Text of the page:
• rate this
    -1

    Comment number 162.

    Does simplifying the tariffs really help the customer? if tariffs are deciferable and comparable then lower prices largely occur thro' internal company structure ie redundances and/or marketing effort.
    Tempting for the companies to protect profit, accept customer number status quo and fix prices, concentrating their effort and known expertise on appearing to do none of the previous.

  • rate this
    0

    Comment number 161.

    @29. Can't use rising wholseale costs to justify the increase in bills? You think wholesale costs are even remotely influenced by the UK market?

  • rate this
    +1

    Comment number 160.

    Tim Browning, you are the educationally challenged one, as you obviously do not know the difference between know and no!

  • rate this
    0

    Comment number 159.

    The industry has hidden behind complex bills and over charging for years, combined with exceptionally poor customer services. Energy is a basic resource and human need in the modern age. Energy prices should be regulated such that a monthly household average is established for which the lowest unit price is charged. Any usage above norm should be charged at an increasing rate.

  • rate this
    +1

    Comment number 158.

    Some seem to have forgotten the £50 cut from bils for "hard working familys" at the last Autumn statement for Mr Osborne, its not like we will notice less than £1 a week is it George, The Cartels will look to recoup this £50 from us in other ways. The Gov should start up thier own utilty company, offering the best deals cuts out the middlemen mind they would then sell it..been there before eh.

  • rate this
    0

    Comment number 157.

    My experience is that when you switch the supplier puts you on an unrealistically low monthly direct debit. Then you build up a debt. When you attempt to switch again, you can not afford to pay the debt off so the process of switching becomes difficult.This is what needs to be addressed as its a scam. When you do switch they take the full amount owed from your bank in 1 day leaving you overdrawn.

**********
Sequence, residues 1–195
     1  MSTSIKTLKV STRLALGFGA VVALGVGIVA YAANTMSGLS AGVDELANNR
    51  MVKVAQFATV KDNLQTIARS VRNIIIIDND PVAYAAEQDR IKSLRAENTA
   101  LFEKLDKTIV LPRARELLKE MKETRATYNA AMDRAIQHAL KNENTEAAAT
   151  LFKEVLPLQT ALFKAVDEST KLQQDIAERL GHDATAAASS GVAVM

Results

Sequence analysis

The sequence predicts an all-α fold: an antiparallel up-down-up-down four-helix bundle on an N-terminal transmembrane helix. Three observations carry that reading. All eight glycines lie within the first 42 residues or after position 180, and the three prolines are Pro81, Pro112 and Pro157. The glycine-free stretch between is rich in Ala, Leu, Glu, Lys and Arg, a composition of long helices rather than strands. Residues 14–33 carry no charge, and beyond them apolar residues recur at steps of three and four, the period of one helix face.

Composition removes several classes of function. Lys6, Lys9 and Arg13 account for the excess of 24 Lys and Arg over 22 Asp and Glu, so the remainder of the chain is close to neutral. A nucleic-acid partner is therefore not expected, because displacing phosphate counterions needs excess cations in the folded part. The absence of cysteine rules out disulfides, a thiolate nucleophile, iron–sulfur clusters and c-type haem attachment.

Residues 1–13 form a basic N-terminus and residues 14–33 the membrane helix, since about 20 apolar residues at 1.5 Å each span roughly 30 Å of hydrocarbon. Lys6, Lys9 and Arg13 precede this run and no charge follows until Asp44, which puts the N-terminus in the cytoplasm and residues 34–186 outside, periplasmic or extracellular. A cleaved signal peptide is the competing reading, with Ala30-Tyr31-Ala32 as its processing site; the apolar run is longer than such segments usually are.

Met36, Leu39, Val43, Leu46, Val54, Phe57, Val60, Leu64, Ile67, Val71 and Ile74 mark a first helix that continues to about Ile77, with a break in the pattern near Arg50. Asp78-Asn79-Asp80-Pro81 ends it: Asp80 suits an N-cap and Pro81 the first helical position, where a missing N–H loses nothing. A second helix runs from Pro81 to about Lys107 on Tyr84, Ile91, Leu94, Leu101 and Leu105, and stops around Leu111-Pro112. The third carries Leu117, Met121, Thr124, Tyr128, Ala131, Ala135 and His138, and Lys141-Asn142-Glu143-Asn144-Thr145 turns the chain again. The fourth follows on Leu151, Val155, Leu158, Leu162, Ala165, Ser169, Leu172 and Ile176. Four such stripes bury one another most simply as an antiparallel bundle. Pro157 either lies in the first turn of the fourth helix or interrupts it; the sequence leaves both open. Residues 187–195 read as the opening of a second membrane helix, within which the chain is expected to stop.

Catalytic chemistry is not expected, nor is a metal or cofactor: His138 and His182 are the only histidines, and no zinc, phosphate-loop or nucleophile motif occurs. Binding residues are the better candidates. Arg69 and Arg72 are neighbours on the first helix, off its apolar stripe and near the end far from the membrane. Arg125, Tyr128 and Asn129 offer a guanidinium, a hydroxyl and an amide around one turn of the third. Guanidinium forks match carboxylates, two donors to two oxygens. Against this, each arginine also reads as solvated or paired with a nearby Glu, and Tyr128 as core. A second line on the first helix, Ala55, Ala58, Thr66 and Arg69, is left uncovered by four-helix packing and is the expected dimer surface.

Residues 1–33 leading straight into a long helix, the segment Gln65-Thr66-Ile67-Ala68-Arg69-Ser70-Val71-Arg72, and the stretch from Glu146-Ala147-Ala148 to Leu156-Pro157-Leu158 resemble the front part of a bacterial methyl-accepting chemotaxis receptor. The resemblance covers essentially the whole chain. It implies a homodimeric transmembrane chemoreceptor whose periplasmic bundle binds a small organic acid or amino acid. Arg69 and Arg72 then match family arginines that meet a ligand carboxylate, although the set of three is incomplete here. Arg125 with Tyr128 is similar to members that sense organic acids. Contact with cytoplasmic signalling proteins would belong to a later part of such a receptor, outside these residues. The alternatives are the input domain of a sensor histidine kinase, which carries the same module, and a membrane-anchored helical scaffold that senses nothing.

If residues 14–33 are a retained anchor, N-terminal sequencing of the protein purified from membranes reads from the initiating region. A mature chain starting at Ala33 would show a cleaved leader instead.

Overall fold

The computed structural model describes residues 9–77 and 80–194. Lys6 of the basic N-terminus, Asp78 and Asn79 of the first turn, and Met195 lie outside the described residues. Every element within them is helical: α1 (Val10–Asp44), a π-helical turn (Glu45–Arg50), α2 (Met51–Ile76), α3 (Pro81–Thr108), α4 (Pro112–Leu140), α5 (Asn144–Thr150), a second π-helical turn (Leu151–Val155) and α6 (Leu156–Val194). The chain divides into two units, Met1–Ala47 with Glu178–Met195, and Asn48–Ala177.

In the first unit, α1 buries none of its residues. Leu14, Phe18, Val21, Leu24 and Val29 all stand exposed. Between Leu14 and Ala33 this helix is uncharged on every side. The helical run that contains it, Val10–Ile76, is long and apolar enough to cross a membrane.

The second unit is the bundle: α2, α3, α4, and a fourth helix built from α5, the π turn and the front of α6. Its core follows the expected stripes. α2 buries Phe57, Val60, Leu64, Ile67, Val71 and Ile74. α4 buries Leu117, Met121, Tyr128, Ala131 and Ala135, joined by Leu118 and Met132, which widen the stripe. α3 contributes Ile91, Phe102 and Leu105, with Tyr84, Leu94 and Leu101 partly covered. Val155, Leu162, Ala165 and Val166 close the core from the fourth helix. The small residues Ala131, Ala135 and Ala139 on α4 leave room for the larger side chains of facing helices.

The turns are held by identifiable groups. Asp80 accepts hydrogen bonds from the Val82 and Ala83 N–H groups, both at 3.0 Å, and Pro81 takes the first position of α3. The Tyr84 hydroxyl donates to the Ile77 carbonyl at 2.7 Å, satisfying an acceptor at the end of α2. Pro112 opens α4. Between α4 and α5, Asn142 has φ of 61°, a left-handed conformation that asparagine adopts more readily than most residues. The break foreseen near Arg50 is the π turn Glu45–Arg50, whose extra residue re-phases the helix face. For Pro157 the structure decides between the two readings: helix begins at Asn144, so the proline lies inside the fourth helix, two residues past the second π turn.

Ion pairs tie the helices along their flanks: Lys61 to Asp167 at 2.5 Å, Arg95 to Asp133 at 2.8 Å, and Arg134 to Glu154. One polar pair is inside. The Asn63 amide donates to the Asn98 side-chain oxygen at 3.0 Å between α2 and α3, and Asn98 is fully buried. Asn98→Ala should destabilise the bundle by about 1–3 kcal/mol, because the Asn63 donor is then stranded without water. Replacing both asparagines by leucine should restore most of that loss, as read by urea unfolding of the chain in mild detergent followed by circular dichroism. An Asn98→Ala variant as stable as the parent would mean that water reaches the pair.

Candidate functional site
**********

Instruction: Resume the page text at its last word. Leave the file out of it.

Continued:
• rate this
    +2

    Comment number 156.

    Richard, the conversion of meter units into KWH is pretty simple, meters measure in volume not units, depends on whether you have cubic feet ot cubic metre meter. (cu ft also have to be converted into cu m) multiply by the volume correction factor, and the calorific factor and divide by the kwh rate. 2 simple multiplications and one division,

  • rate this
    -1

    Comment number 155.

    Re comment 84; James - you may be well-intentioned, but families (rich or poor) use more energy than people living alone so it is not clear why you want to penalise them and favour (predominantly) old people living alone, who already benefit disproportionately from state spending because they vote. A fairer solution would be to allocate a per-capita allowance but good luck implementing that.

  • rate this
    +1

    Comment number 154.

    53.RedBus66
    Utility bills may as well be written in Latin because they are incomprehensible. All we want to know is what units we have used, what it costs per unit and what we owe.
    --